Being born early can have long term risks for children’s development, affecting their behavior and ability to learn, a new study has found.
It leaves them more likely to develop conditions such as epilepsy, autism or ADHD. The 13 year study following more than a million births, shows that children born moderately (32-33 weeks) or late preterm (34-36 weeks) have higher long-term risks of neurodevelopmental difficulties.
These are defined as disorders that influence how the brain functions, such as autism, ADHD, and cerebral palsy. As children born in these windows make up about 80 percent of all preterm births, the researchers warn that these risks should not be underestimated.
To get their results, published in The BMJ, the team studied 1,281,690 children without birth defects born in Sweden at 32 to 41 weeks between 1998 and 2012.
They then looked at a sub-group of 349,108 full siblings to control for unmeasured shared genetic and environmental factors. The main outcomes of interest were movement, brain, epileptic, hearing, and visual impairments, and a combination of any neurodevelopmental impairment, diagnosed up to age 16 years.
Overall, compared with children born full term, those born moderately or late preterm showed higher risks for any impairment. They found that, during an average follow-up period of 13 years, 75,311 infants had at least one diagnosis of any neurodevelopmental impairment.
They also discovered that some 5,899 had motor impairment, 27,371 cognitive impairment, 11,870 epileptic impairment, 19,700 visual impairment, and 20,393 hearing impairment.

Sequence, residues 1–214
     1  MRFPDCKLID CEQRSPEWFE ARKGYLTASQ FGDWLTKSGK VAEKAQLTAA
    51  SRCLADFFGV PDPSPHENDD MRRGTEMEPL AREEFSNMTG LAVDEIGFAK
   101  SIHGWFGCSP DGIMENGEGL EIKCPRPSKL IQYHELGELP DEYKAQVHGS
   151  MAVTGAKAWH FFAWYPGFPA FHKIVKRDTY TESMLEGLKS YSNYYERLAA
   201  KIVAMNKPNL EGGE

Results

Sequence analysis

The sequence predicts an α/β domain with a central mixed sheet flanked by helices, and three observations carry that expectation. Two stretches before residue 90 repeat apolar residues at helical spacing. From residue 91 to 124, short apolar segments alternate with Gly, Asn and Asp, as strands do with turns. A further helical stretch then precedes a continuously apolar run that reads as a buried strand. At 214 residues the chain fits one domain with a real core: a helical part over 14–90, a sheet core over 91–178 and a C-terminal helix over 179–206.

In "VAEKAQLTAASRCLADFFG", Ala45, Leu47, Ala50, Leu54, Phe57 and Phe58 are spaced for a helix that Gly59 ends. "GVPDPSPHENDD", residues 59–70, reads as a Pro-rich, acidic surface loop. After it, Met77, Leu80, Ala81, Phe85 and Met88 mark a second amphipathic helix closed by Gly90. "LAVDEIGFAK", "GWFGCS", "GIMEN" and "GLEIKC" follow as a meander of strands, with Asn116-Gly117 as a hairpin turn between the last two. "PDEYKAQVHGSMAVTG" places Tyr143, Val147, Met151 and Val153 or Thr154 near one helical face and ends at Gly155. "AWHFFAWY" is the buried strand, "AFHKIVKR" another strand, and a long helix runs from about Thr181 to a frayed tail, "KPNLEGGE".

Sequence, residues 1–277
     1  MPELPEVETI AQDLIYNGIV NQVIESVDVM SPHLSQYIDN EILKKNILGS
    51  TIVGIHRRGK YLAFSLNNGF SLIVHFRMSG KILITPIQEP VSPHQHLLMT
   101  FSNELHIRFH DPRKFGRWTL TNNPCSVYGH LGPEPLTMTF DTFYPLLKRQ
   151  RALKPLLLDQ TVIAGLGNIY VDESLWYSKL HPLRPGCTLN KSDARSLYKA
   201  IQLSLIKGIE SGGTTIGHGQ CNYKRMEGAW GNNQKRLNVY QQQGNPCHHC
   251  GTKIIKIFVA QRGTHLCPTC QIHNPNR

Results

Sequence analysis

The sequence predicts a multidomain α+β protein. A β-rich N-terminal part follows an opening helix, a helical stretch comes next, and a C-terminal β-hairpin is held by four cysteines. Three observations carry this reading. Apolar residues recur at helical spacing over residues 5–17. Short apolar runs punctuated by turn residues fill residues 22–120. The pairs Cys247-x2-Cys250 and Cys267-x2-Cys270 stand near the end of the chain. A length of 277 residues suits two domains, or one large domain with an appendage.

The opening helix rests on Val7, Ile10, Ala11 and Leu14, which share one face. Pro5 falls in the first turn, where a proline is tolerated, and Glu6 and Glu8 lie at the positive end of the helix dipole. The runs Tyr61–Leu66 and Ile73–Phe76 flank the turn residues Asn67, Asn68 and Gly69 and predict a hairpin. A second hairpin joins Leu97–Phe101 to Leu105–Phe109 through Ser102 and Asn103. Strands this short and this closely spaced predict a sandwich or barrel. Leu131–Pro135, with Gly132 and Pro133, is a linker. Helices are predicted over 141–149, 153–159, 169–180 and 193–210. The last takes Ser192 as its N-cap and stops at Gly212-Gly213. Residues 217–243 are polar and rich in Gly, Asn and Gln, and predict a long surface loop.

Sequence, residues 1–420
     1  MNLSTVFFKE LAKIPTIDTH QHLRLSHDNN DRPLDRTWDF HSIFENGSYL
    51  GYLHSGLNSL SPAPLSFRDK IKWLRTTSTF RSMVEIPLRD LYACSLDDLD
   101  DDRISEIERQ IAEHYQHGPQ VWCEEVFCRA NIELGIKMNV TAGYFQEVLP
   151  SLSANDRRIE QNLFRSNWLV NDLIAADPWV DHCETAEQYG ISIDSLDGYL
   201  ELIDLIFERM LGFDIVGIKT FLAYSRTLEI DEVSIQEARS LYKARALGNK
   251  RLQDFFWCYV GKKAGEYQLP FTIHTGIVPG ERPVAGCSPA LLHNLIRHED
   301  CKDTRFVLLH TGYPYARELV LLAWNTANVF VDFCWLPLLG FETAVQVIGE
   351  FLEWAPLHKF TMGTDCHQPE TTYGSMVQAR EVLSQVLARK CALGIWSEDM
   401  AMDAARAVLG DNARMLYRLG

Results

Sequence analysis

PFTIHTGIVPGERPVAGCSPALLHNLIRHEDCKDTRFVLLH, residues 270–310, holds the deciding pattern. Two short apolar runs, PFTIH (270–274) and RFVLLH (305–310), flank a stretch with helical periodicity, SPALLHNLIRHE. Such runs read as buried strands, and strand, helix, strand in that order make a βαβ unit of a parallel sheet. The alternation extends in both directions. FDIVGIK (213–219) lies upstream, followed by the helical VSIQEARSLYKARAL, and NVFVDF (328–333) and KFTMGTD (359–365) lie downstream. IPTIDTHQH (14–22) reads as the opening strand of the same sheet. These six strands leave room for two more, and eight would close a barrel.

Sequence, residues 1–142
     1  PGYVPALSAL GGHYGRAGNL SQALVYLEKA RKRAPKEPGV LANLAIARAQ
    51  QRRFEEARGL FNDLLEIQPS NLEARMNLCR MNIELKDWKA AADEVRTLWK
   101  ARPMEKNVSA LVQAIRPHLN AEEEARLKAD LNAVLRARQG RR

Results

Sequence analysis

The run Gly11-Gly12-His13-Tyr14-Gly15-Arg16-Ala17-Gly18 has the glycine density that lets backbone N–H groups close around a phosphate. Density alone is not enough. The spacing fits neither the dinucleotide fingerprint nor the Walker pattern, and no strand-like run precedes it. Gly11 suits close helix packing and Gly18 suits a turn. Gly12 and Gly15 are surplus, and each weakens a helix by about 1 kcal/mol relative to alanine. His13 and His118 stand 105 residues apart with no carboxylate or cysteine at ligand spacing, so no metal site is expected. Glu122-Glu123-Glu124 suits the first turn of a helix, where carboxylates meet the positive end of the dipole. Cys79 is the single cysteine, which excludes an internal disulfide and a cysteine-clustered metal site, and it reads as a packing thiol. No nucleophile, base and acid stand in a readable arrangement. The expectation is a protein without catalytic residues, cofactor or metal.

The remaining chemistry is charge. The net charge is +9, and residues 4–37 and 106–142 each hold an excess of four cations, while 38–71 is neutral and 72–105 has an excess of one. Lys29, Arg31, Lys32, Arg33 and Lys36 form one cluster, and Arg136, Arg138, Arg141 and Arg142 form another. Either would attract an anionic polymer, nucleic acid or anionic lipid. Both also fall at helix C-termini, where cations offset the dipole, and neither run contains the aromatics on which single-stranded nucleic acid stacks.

The highest relative risk for children born moderately preterm compared with those born full term was for motor impairment, a nearly five-fold increased risk, followed by epileptic impairment, a nearly two-fold increased risk.
“Children born moderately or late preterm have higher risks of adverse neurodevelopmental outcomes. The risks should not be underestimated as these children comprise the largest proportion of children born preterm,” said associate professor Ruoqing Chen from Sun Yat-sen University, China.
“The findings may help professionals and families to better assess risk, follow-up, and healthcare systems planning for children born moderately or late preterm,” she added.
Babies that are prematurely born may have issues for the rest of their life. Certain issues might not manifest for a number of years, or perhaps until maturity. Babies can have longer, healthier lives if health issues are identified and treated as soon as possible, with the goal of preventing premature delivery wherever feasible.
Produced in association with SWNS Talker
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